ProfRose - 2 months ago 8

Python Question

I'm taking a Python course at Udacity, and I'm trying to work this out for myself without looking at the answer. Perhaps you can give me a hint for my logic?

Below are the instructions and what I have so far. We haven't learned conditional statements yet, so I can't use those. We've only learned how to assign/print a variable, strings, indexing strings, sub-sequences, and .find. They just introduced the str command in this final exercise.

`# Given a variable, x, that stores the`

# value of any decimal number, write Python

# code that prints out the nearest whole

# number to x.

# If x is exactly half way between two

# whole numbers, round up, so

# 3.5 rounds to 4 and 2.5 rounds to 3.

# You may assume x is not negative.

# Hint: The str function can convert any number into a string.

# eg str(89) converts the number 89 to the string '89'

# Along with the str function, this problem can be solved

# using just the information introduced in unit 1.

# x = 3.14159

# >>> 3 (not 3.0)

# x = 27.63

# >>> 28 (not 28.0)

# x = 3.5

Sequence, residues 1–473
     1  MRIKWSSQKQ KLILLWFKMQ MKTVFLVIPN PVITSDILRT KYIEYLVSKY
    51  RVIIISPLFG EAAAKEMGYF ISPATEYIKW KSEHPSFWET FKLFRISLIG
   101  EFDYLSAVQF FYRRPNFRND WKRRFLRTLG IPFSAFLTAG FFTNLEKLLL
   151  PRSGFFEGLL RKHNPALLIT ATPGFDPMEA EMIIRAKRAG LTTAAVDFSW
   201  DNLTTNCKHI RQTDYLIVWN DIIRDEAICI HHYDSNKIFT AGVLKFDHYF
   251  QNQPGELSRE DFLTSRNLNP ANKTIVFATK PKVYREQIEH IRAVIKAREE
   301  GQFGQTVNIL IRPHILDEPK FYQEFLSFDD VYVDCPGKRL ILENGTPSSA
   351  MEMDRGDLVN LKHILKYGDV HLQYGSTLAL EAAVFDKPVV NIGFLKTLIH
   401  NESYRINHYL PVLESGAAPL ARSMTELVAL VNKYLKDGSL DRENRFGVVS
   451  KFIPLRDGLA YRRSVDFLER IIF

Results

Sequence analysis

# >>> 4 (not 4.0)

x = 3.54159

#ENTER CODE BELOW HERE

x = str(x)

dec = x.find('.')

tenth = dec + 1

print x[0:dec]

////

So this gets me to print the characters up to the decimal point, but I can't figure out how to have the computer check whether "tenth" is > 4 or < 5

I figured I could probably get far enough for it to return a -1 if "tenth" wasn't > 4, but I don't know how I can get it to print x[0:dec]

:/

Could someone please give me a nudge in the right direction?

Answer

This is a weird restriction, but you could do this:

```
x = str(x)
dec_index = x.find('.')
tenth_index = dec_index + 1
tenth_place = x[tenth_index] # will be a string of length 1
should_round_up = 5 + tenth_place.find('5') + tenth_place.find('6') + tenth_place.find('7') + tenth_place.find('8') + tenth_place.find('9')
print int(x[0:dec_index]) + should_round_up
```

What we do is look at the tenths place. Since `.find()`

returns -1 if the argument isn't found, the sum of the `.find()`

calls will be -4 if if the tenths place is 5, 6, 7, 8, or 9 (since one of the `.find()`

calls will succeed and return `0`

), but will be -5 if the tenths place is 0, 1, 2, 3, or 4. We add 5 to that, so that `should_round_up`

equals 1 if we should round up, and 0 otherwise. Add that to the whole number part, and we're done.

That said, if you weren't subject to this artificial restriction, you would do:

```
print round(x)
```

And move on with your life.